The process of litigation can be costly and drawn-out.
If you find yourself with a strong case but with no means by which to support it through court, there are a number of options to secure funds. However, it’s imperative to familiarise yourself with the options to ensure the most astute choice is made for your particular case.
‘No Win No Fee’ & Damages-Based Agreements (DBAs)
‘No win no fee’ arrangements have enjoyed popularity in recent years. The premise of such an agreement is that a solicitor takes on the litigation case on the proviso that they will not receive payment unless the case is won.
Usually, the arrangement will dictate that the client does not pay any fees in the event of a courtroom loss, but if successful, will pay a percentage in uplift on top of the standard fees.
However, the client will usually have some form of outlay to pay during the case, in the form of court or expert witness fees. Also, if the amount owed from the other side cannot be recovered, then depending on the initial agreement made with the solicitor, the client could be liable to pay the shortfall.
In April 2013, a new funding option is expected to become effective. A ‘DBA’ is a new form of agreement where the client simply pays the solicitor a proportion of the damages won, directly aligning the lawyer’s interests with the client. It’s hoped that this form of agreement will inspire a more competitive marketplace. However, a growing number law firms are turning to an intermediary.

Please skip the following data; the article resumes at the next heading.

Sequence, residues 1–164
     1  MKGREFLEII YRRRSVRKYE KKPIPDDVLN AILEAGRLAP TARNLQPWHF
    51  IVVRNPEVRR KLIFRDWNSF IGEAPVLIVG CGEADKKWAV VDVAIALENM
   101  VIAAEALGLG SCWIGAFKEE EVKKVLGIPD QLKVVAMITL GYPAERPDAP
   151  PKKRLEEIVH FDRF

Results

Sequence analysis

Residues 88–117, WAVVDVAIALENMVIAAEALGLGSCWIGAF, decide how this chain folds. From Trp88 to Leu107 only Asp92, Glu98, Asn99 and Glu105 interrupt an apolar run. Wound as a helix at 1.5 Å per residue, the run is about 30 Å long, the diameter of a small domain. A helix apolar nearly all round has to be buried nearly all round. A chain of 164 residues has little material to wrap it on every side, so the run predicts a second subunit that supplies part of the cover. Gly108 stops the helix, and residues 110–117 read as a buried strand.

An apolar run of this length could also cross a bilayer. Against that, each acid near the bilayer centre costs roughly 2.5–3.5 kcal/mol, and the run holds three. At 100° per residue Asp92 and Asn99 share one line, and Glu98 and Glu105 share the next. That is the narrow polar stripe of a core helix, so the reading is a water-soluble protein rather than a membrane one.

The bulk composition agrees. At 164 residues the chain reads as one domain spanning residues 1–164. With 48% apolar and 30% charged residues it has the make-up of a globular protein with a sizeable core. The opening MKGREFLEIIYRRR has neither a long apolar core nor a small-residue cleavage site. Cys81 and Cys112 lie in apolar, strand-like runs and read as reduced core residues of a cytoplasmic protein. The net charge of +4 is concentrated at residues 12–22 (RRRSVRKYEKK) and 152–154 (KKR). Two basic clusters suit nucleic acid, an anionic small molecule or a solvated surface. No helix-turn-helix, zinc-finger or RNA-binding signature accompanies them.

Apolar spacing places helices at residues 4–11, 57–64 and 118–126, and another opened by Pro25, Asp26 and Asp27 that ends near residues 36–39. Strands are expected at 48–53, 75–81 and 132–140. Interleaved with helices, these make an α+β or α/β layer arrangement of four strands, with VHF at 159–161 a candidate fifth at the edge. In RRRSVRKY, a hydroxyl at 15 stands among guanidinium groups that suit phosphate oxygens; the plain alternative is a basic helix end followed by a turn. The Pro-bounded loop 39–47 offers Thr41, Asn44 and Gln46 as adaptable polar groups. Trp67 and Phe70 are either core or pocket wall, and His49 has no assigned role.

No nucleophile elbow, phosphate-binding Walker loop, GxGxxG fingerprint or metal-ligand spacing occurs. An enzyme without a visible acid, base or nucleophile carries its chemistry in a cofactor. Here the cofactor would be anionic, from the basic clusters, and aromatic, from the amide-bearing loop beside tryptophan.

Companies providing litigation funding to clients in return for an agreed percentage of the damages awarded, are an increasingly common phenomena.
However, for a third party to agree to fund a case, there needs to be a strong likelihood of success. Likewise, for them to agree to tie money up for a prolonged period of time, there needs to be a decent return. For this reason, low-value cases, where the value of the claim is less than £1m, are unlikely to be attractive to the provider.
With such large sums at stake, the funder must have confidence that the case will be won, and at present, only around 15% of applications are accepted by funders. In addition, it’s likely to expect the funder to take a weighty proportion of the damages (commonly between 30 – 40%).
The obvious advantage to the client is that if the case isn’t successful, they walk away, having made no cash commitment and incurred no legal costs.
In the UK, solicitors are duty-bound to advise their client of all possible options for funding their case, so it’s a good idea to always seek the advice of a professional before proceeding with any funding option.
This article was contributed by Laura Moulden on behalf of Vannin Capital, a specialist litigation funding provider.